Posted on Jul 11, 2018
Paul Zehr is a Canadian professor of kinesiology and neuroscience, and an award-winning science communicator at the University of Victoria.  Paul has spoken with many organizations and many groups over the years but this was his first Rotary Club.  As his Dad was a Rotarian he was very pleased to be with us.
Growing up, Paul's mom would buy him comic books because she believed any reading was good reading.  Paul got into comic books, found a love for martial arts out of those comic books and then got into superheros.  It fascinated Paul to see what human potential was physically and mentally.   He saw first hand real human beings training for 40-60 years in a marital art and still being spry and fit in their 80s.  Academically, he got into kinesiology and neuroscience to help connect how that potential and the brain/body really interact on a scientific level.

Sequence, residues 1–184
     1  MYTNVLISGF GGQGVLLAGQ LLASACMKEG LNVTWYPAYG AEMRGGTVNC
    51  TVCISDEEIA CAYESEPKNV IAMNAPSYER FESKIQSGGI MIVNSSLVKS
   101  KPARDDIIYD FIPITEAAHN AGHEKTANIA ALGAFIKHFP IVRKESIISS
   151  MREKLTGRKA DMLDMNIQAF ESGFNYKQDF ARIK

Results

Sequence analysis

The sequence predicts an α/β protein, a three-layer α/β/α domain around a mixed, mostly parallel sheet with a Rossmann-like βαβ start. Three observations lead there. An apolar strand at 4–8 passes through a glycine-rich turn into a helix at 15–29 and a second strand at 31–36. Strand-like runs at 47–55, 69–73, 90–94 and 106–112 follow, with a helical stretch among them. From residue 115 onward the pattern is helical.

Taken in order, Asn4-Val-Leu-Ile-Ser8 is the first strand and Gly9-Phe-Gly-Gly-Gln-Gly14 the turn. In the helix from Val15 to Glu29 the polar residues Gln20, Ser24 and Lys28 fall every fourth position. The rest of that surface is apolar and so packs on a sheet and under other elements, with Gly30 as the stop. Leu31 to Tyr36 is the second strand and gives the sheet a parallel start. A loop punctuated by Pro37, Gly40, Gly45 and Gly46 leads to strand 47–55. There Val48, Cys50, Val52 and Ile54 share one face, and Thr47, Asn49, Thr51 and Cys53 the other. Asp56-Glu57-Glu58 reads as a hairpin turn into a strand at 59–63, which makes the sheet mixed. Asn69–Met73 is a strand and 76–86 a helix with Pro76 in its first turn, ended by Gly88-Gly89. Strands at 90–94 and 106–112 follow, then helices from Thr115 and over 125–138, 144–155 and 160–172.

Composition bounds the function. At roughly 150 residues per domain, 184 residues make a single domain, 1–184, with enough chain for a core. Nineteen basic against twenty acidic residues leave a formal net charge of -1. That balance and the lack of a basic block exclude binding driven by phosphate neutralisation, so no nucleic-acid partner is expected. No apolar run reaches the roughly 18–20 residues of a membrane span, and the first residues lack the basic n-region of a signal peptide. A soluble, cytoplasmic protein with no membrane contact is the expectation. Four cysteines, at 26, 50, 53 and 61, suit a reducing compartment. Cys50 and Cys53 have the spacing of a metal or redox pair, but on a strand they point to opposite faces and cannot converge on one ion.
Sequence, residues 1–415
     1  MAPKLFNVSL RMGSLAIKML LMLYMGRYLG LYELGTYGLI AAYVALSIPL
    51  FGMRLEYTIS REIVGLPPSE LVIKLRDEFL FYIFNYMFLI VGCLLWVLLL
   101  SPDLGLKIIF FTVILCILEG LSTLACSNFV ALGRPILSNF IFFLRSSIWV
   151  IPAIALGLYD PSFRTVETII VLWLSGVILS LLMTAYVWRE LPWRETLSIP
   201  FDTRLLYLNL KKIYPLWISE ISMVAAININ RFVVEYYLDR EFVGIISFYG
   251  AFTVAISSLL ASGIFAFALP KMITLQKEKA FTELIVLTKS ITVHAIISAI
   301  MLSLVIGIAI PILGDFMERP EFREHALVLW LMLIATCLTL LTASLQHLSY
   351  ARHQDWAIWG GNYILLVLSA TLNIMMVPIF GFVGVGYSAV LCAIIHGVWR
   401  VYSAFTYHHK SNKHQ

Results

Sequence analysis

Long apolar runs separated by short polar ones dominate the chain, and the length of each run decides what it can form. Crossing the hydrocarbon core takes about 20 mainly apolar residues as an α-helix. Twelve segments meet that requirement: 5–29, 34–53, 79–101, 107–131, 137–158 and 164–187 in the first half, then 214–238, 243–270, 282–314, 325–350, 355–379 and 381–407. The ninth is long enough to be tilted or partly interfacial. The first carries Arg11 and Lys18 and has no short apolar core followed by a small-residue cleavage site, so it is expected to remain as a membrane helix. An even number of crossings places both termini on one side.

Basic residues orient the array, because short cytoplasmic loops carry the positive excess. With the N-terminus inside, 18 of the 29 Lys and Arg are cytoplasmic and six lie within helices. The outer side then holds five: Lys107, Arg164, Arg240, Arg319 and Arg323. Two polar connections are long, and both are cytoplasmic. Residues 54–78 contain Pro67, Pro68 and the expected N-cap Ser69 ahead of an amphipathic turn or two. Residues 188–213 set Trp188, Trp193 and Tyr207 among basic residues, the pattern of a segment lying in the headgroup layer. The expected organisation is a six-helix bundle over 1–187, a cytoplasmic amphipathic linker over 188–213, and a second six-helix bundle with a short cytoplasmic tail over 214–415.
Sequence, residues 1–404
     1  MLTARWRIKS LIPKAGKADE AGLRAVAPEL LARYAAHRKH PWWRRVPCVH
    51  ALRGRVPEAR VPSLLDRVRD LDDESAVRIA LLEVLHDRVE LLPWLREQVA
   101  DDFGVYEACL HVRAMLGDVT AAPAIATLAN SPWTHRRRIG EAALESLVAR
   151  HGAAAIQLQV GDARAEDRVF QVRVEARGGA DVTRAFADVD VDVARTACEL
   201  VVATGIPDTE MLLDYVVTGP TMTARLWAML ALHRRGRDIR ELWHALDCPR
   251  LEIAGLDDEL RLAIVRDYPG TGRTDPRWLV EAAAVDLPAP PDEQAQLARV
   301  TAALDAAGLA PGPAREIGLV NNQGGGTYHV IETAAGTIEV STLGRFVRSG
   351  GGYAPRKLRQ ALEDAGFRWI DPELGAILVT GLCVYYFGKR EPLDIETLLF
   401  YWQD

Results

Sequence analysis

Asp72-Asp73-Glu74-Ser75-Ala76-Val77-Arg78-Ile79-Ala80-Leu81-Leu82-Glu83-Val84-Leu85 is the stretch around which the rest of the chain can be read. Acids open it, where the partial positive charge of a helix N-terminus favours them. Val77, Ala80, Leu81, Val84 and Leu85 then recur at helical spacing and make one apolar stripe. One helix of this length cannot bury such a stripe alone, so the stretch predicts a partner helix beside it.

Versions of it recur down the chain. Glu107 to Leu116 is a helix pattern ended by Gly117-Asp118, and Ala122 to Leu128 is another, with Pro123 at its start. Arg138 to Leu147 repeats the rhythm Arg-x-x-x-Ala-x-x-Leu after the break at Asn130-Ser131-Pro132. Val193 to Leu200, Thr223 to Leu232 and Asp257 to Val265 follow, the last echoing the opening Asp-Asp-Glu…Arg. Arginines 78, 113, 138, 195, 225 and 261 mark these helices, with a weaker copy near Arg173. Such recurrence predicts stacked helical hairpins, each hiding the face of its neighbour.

He got into writing books after hearing a silly sales pitch on a late night show for a random piece of exercise equipment if you sent in your 4 installments of $29.99 right away.  Paul couldn't believe people fell for this stuff but realized that many people just don't understand how their bodies work and wanted to figure out a way to increase that knowledge without it being dry and scientific.  The topic had to be accessible and interesting.  He wanted popular culture to help.... so, he wrote his first book on becoming Batman.  
To date, he's written four books, including the Becoming Batman book, then a youth book on Batgirl and an inventory of Ironman, which shows how technology could be used to help biology and recently just published Captain America talking about gene editing and stem cell research to make a new human species.  He has seen first hand talking to many schools how engaging people, especially kids, using superheros as an approach makes a world of difference. 
Personally, Paul experienced a major car accident in 2014 and ended up with major health problems and a brain injury and eventually had to use all of his understanding and approaches for how to overcome obstacles with his own human body using the parables and themes often told in comic books.